Tuesday, October 12, 2010
"Vice Pioneers" : Divorce
Henry VIII split from a whole empire to divorce peacefully
Constatine, on the other hand, had a strict "you're stuck with him/her" viewpoint
In light of the news today that two famous couples are headed for divorce (Courney Cox/David Arquette and Christina Aguilerra/Jordan Bratman), it's fitting to take a look at the act for this week's "Vice Pioneers." In keeping with the point of the "Vice Pioneer," this post is sticking to the historical facts of divorce, but it should be noted that the statistics and practices of the act in different countries around the world is the most interesting part. Take a look at the entire Wikipedia page for more info on this growing act of people getting sick of one another.
The ancient Athenians liberally allowed divorce, but the person requesting divorce had to submit the request to a magistrate, and the magistrate could determine whether the reasons given were sufficient.
Divorce was rare in early Roman culture but as their empire grew in power and authority Roman civil law embraced the maxim, “matrimonia debent esse libera” ("marriages ought to be free"), and either husband or wife could renounce the marriage at will. Though civil authority rarely intervened in divorces, social and familial taboos guaranteed that divorce occurred only after serious circumspection. The Christian emperors Constantine and Theodosius restricted the grounds for divorce to grave cause, but this was relaxed by Justinian in the sixth century.
After the fall of the Roman Empire, familial life was regulated more by ecclesiastical authority than civil authority. By the ninth or tenth century, the divorce rate had been greatly reduced under the influence of the Christian Church, which considered marriage a sacrament instituted by God and Christ indissoluble by mere human action.
Although divorce, as known today, was generally prohibited after the tenth century, separation of husband and wife and the annulment of marriage were well-known. What is today referred to as “separate maintenance” (or "legal separation") was termed “divorce a mensa et thoro” (“divorce from bed-and-board”). The husband and wife physically separated and were forbidden to live or cohabit together; but their marital relationship did not fully terminate. Civil courts had no power over marriage or divorce. The grounds for annulment were determined by Church authority and applied in ecclesiastical courts. Annulment was for canonical causes of impediment existing at the time of the marriage. “For in cases of total divorce, the marriage is declared null, as having been absolutely unlawful ab initio.” The Church held that the sacrament of marriage produced one person from two, inseparable from each other: “By marriage the husband and wife are one person in law: that is, the very being of legal existence of the woman is suspended during the marriage or at least incorporated and consolidated into that of the husband: under whose wing, protection and cover, she performs everything.” Since husband and wife became one person upon marriage, that oneness could only be annulled if the parties improperly entered into the marriage initially.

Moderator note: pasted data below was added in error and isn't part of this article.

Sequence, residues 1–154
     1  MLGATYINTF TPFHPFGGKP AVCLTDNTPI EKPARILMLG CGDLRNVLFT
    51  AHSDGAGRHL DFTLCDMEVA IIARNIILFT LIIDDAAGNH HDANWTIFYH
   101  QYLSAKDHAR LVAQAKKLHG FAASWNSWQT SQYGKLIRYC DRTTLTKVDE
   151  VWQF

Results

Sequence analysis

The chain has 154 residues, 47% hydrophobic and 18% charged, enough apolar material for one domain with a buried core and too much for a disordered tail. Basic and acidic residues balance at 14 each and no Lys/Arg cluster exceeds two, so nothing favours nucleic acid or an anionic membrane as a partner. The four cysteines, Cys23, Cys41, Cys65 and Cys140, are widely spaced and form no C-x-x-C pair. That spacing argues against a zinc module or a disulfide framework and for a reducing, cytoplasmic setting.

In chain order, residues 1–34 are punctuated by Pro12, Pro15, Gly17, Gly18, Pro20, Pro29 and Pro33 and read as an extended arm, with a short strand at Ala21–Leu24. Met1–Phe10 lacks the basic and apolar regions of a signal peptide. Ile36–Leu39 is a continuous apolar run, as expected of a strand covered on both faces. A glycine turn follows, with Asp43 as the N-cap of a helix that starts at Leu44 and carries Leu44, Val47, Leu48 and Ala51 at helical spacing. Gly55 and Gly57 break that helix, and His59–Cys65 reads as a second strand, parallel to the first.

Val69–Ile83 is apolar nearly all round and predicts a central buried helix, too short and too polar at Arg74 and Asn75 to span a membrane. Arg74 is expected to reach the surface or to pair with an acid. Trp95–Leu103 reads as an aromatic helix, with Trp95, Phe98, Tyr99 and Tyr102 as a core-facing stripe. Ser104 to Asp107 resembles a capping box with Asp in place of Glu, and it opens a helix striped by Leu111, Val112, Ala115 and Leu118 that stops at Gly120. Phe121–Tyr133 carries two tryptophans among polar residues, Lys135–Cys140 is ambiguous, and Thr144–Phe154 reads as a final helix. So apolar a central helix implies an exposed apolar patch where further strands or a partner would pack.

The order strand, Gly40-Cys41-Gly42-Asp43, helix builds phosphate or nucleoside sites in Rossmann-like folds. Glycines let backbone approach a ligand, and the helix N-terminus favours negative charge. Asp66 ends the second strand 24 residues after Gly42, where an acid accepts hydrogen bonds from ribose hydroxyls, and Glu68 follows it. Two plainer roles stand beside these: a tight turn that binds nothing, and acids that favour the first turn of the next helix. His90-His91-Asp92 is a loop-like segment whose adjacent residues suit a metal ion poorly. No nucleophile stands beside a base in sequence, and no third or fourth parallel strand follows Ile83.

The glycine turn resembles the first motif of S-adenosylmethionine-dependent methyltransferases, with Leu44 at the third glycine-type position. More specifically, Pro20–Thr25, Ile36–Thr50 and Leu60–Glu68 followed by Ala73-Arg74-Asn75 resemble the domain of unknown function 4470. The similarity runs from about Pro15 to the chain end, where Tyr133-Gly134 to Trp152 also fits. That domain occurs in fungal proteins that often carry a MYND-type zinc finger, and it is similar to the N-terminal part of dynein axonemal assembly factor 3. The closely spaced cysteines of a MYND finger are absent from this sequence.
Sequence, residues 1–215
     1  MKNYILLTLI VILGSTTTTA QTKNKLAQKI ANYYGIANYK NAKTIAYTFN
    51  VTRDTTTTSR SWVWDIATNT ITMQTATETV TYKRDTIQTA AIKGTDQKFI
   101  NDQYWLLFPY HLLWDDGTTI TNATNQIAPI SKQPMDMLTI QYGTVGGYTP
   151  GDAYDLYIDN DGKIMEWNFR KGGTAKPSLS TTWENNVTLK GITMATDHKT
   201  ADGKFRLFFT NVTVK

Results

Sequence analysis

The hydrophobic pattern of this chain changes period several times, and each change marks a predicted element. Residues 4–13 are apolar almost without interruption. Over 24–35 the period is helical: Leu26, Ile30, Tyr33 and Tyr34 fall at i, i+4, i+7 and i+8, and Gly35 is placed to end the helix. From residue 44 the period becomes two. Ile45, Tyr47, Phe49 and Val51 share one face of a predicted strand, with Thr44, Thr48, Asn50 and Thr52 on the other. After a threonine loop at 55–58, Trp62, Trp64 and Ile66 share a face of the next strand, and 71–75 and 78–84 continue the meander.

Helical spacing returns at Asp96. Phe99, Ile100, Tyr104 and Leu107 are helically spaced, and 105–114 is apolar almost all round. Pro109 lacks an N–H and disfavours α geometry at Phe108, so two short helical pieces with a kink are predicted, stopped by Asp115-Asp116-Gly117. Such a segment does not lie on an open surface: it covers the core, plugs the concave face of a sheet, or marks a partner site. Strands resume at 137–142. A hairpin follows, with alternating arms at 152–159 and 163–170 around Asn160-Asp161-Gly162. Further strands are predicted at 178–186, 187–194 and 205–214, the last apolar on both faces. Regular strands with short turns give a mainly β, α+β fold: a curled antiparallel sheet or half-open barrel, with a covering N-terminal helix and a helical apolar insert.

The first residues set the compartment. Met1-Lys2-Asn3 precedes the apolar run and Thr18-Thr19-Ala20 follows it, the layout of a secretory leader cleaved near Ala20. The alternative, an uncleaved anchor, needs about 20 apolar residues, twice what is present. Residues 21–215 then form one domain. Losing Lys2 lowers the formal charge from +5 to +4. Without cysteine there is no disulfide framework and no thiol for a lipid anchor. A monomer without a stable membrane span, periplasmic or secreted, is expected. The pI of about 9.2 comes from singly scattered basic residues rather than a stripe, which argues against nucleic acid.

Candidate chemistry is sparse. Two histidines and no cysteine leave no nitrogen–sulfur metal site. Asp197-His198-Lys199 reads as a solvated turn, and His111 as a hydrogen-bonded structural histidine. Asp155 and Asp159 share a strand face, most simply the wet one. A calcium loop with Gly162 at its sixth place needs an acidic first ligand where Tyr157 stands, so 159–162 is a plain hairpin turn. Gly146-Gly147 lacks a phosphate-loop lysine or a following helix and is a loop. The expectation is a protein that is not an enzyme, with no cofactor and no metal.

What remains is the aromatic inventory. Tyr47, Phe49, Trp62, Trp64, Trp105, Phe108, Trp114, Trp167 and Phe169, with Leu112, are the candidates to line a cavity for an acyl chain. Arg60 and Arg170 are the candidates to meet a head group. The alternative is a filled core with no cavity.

Secularization in Europe and United States
Marriage later came to be considered a civil contract, and on that basis civil authorities gradually asserted their power to decree a “divorce a vinculo matrimonii,” or “divorce from all the bonds of marriage.” Since no precedents existed defining the circumstances under which marriage could be dissolved, civil courts heavily relied on the previous determinations of the ecclesiastic courts and freely adopted the requirements set down by those courts. As the civil courts assumed the power to dissolve marriages, courts still strictly construed the circumstances under which they would grant a divorce, and now considered divorce to be contrary to public policy. Because divorce was considered to be against the public interest, civil courts refused to grant a divorce if evidence revealed any hint of complicity between the husband and wife to divorce, or if they attempted to manufacture grounds for a divorce. Divorce was granted only because one party to the marriage had violated a sacred vow to the "innocent spouse." If both husband and wife were guilty, "neither would be allowed to escape the bonds of marriage." Eventually, the idea that a marriage could be dissolved in cases in which one of the parties violated the sacred vow gradually allowed expansion of the grounds upon which divorce could be granted from those grounds which existed at the time of the marriage to grounds which occurred after the marriage, but which exemplified violation of that vow, such as abandonment, adultery, or “extreme cruelty.”